Some people can be convinced by arguing facts and reason. Those people are in the minority. Most people can only be convinced to change because their life will get worse if they don’t. We can do that by tying in racism to social capital. This is how many communities on the left already function — if you say something racist, people won’t like you anymore. I worked for the show Intervention for five years. If a family wants their heroin addict son to change, they shouldn’t give him money and a place to live or he probably won’t stop doing heroin. They have to help him feel the natural consequences of his actions. When he has no place to live, no money, and he isn’t invited to come home for dinner anymore, he may finally hit rock bottom and be ready to quit heroin. Racism is the same.
It’s an enticing ideology — it tells people that everything they do is right, and all of their problems are someone else’s fault. How did we take away the power of Nazism after Germany’s defeat in WWII? Well we didn’t have long, patient debates with every single remaining German. We made Nazism socially unacceptable. Some people still believed the racist Nazi ideology, but they kept it mostly to themselves because they knew it was socially unacceptable.
5. Unchecked racism turns into violence
Racists are very bold right now. Hate crimes have spiked all over the country because racists feel like they just got affirmation that the country sees things the way they do. If those racists feel emboldened by a culture that agrees with them, they will continue to hurt people. They will kill people. If you don’t start calling out racism every single time you see it, those hate crime victims will be partly on you, too.
Hate crimes have spiked all over the country because racists feel like they just got affirmation that the country sees things the way they do.
Some racists cannot be changed, so they must be shamed and made to be afraid and insignificant. But other people — “casual” racists, or those who at least didn’t find Trump’s racism to be a deal breaker — might be changeable.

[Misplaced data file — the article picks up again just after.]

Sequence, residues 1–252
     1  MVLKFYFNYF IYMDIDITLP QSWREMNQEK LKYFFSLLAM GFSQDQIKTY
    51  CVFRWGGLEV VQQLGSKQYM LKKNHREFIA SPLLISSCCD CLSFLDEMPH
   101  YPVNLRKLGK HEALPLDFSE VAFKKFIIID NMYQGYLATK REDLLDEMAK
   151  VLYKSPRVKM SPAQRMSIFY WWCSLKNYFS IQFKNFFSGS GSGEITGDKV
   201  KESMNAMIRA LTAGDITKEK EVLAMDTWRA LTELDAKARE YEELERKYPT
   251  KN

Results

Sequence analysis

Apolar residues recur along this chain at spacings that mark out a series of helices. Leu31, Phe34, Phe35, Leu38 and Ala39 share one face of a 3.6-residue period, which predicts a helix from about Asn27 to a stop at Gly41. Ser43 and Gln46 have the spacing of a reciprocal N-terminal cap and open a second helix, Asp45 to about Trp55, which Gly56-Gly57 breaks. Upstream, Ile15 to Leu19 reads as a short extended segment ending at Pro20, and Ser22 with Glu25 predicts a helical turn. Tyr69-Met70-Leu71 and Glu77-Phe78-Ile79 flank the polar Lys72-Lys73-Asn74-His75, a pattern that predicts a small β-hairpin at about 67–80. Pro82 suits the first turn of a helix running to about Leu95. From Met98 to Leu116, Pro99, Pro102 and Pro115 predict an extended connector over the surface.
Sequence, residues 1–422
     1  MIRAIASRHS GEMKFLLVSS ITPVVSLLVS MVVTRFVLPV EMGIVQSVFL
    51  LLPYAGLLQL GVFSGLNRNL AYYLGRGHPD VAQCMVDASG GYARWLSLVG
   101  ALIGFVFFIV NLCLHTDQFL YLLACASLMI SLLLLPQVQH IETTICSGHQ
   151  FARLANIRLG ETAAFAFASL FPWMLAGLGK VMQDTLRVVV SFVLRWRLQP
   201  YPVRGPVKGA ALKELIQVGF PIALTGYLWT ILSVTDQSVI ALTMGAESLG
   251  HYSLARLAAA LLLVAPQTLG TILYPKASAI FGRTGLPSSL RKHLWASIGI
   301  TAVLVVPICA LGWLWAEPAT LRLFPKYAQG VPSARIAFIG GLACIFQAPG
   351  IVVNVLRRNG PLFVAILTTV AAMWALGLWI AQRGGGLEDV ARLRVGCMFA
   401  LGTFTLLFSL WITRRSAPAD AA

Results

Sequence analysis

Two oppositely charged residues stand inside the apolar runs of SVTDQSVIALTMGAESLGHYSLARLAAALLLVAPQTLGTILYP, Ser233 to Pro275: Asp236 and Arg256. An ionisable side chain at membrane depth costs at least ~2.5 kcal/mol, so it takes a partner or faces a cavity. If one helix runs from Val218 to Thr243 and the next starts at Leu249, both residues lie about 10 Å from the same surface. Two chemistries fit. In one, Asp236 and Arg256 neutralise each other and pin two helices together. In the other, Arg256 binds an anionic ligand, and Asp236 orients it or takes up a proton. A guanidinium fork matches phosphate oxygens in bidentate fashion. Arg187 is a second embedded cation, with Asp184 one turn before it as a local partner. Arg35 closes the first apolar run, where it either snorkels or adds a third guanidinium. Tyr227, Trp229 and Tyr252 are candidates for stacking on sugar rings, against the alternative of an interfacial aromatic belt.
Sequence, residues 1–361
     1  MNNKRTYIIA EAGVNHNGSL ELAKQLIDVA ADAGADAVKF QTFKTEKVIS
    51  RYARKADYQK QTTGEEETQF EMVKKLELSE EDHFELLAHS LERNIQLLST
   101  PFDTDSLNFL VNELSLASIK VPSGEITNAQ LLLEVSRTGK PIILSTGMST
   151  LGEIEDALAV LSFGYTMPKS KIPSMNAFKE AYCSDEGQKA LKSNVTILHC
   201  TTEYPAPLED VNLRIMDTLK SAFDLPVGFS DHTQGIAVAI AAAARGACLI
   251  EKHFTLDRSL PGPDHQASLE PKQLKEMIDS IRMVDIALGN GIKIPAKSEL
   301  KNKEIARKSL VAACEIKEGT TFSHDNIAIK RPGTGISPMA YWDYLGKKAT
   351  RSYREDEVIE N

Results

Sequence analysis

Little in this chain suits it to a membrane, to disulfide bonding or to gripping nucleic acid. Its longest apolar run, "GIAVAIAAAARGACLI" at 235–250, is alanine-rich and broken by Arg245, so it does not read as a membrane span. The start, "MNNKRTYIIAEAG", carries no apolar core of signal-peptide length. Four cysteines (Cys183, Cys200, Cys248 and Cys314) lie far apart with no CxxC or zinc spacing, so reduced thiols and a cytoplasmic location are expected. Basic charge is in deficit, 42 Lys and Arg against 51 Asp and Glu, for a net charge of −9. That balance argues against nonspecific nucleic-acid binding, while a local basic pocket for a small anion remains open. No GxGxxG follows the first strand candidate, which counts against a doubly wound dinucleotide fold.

And especially if you’re white and they’re your one of your family or friends, it’s your responsibility to try and change them. Change is twofold — outrage and conversation. Outrage is important. Calling out racism is important.Then white people need to take up the mantle of actually conducting the painful, uncomfortable conversations about racism that people of color have been leading (whether they want to or not) for centuries. Derek Black, godson of David Duke, wrote an op-ed in the NYT right after the election about why he left white nationalism.
He started questioning his beliefs because people called him out on them and they were pissed. And then they took the time to talk to him. I don’t think racists are all unredeemable. I think a solid 50–75 percent of people are indeed redeemable. I’ve grown a lot in the past decade, particularly since moving from Indiana to Los Angeles, and most of the time that growth came out of a reaction to other people’s anger and outrage. Comfortable people don’t change and racism is uncomfortable. We all have to be uncomfortable now. Don’t stop calling people racist. Call out racism every time you see it — and then be ready for the long, hard work of educating the people who are willing to listen.